A while back I wrote about some not-so-common wireless technologies that I called weird. Well, here is another few that you rarely if ever hear about. And just so you know, I define weird as new, interesting, and out of the ordinary. Not good, not bad…just different.
Li-Fi, or Light Fidelity, is a visible light communications (VLC) technology. It uses light from LEDs as a carrier for high-speed data. The LEDs also serve to illuminate a room or an area in a building. Using amplitude modulation (AM), the light is turned off and on by the pulse train of data. Since light is everywhere in the room or area, it can be received by sensitive photodetectors. The rate is very high so the eye does not experience any flicker.
Using light as a carrier is certainly not new. Infrared (IR) invisible light has been used in fiber optic cables since their inception. And free space optical (FSO) equipment using IR is used as backhaul or wireless links in some urban networks. But visible light is different.
Two major benefits of Li-FI are the wide bandwidth available and non-line of sight (NLOS) operation. Wide bandwidth translates into high data rates. With just simple AM or on-off keying (OOK) modulation, data rates up to the 1 to 10 Gb/s range have been achieved. Second, NLOS operation is possible as Li-Fi also works with reflected light from walls or other objects.
The main limitation seems to be its downlink-only format. But there is provision for an uplink by way of an IR link. Wi-Fi or other wireless link would also work. Li-FI uses the standard Wi-Fi 802.11 protocol but other standards work is being done by the IEEE 802.15.7 group. The IEEE 802.15.7 standard defines VLC for both indoor and outdoor applications. It has potential for use in vehicle-to-vehicle (V2V) and vehicle-to-infrastructure (V2I) use cases.
LF and MF Ham Bands
Most amateur radio operations take place in the HF spectrum from 3 to 30 MHz and in the VHF and UHF bands. The FCC has adopted new rules that will soon permit operations in the low frequency (LF) and medium frequency (MF) bands. Specifically, the FCC says that hams will be allowed to use the 2,200-meter band from 135.7 kHz to 137.8 kHz, as well as the 630-meter band from 472 kHz to 479 kHz. The maximum effective isotropic radiated power (EIRP) is 5 watts in the 630 meter band and 1 watt in the 2200 meter band. Hams may use any mode, including CW, RTTY, voice, data, or video. With such narrow bandwidths available, I suspect CW or data will be the most common.
A major issue with operating at these low frequencies is antenna length. For other ham bands, a half-wavelength dipole or quarter-wave vertical are common. A half wave at 479 kHz is 977 feet. And at 137 kHz that half wavelength is 3416 feet or about two thirds of a mile. Impractical, to say the least. Most hams will probably use shorter wires with loading coils. Transmission range is limited by ground wave propagation, which is dominant at these low frequencies. It will certainly be enlightening to see how this develops. Equipment will certainly be cheap and simple and not critical. Home brew rigs will be common.
Speaking of low frequency, the new ham frequencies are not low at all. Submarines have used even lower frequencies—extremely low frequencies (ELF) in the 30 to 300 Hz range. The reason for this is that radio waves do not propagate well through salt water. Very low frequencies (VLF) in the 3 kHz to 30 kHz range can penetrate to a depth up to about 60 ft—not good enough for government work, as they say. But ELF waves can go down hundreds of feet. As a result, the Navy adopted 76 Hz as its operating frequency and built huge antenna farms and transmitters in Michigan and Wisconsin to communicate worldwide with submarines. Communications is obviously one way of using an encoded and encrypted data stream. Data rates are as low as 1 bps but sufficient for simple information. Using hundreds of megawatts of power, worldwide communications with submerged submarines is possible. This system is no longer in operation, and I almost didn’t include it. Nevertheless it is interesting.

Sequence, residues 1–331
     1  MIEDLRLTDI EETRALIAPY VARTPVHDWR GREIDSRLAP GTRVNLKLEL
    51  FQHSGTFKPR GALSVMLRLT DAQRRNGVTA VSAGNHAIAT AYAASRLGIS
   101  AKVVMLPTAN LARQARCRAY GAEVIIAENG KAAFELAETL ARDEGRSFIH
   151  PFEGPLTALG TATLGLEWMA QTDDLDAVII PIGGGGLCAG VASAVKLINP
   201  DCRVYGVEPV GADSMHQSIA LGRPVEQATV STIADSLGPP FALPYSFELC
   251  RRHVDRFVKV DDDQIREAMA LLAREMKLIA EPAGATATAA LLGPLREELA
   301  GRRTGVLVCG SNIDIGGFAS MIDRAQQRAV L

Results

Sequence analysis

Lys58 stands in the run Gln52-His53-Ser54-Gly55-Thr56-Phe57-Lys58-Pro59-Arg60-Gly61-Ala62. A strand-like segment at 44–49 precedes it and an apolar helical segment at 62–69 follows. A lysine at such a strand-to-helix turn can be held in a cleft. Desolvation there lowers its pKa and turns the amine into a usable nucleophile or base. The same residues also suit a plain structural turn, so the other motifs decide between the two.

All Digital Radio
Cambridge Consultants a UK research firm and inventor of the first Bluetooth radio IC, announced recently an all digital transmitter called Pizzicato that uses no analog circuitry. Quoting from its own news release, Cambridge says:
“The Pizzicato digital radio transmitter consists of an integrated circuit outputting a single stream of bits, and an antenna—with no conventional radio parts or digital-to-analog (DAC) converter. Patented algorithms perform the necessary ultra-fast computations in real time, making it possible for standard digital technology to directly generate high-frequency radio signals.”
It’s difficult to imagine what this is, exactly. When I think of digital radio I think of software-defined radios (SDR) with its I/Q architecture with DACs and ADCs using both analog and digital methods. But can you connect a digital stream directly to an antenna and make it work? There is obviously more to it than that. Other digital radios I think of when I ponder this one is impulse UWB, where there is no carrier—just short wavelets in a PSK format. Maybe the Cambridge radio is some kind of PWM or waveform synthesis scheme. Does it include a switching PA (class E, F, S)? It is hard to think of radio without analog, filters, and the like.
Anyway, we’d all love to know more. Cambridge, if you are listening, update us on this project. Let us hear about those patents and algorithms. If it will revolutionize 5G and IoT and solve the spectrum problem, we want to know.
As for you readers, let me know if you hear of any other weird wireless technologies.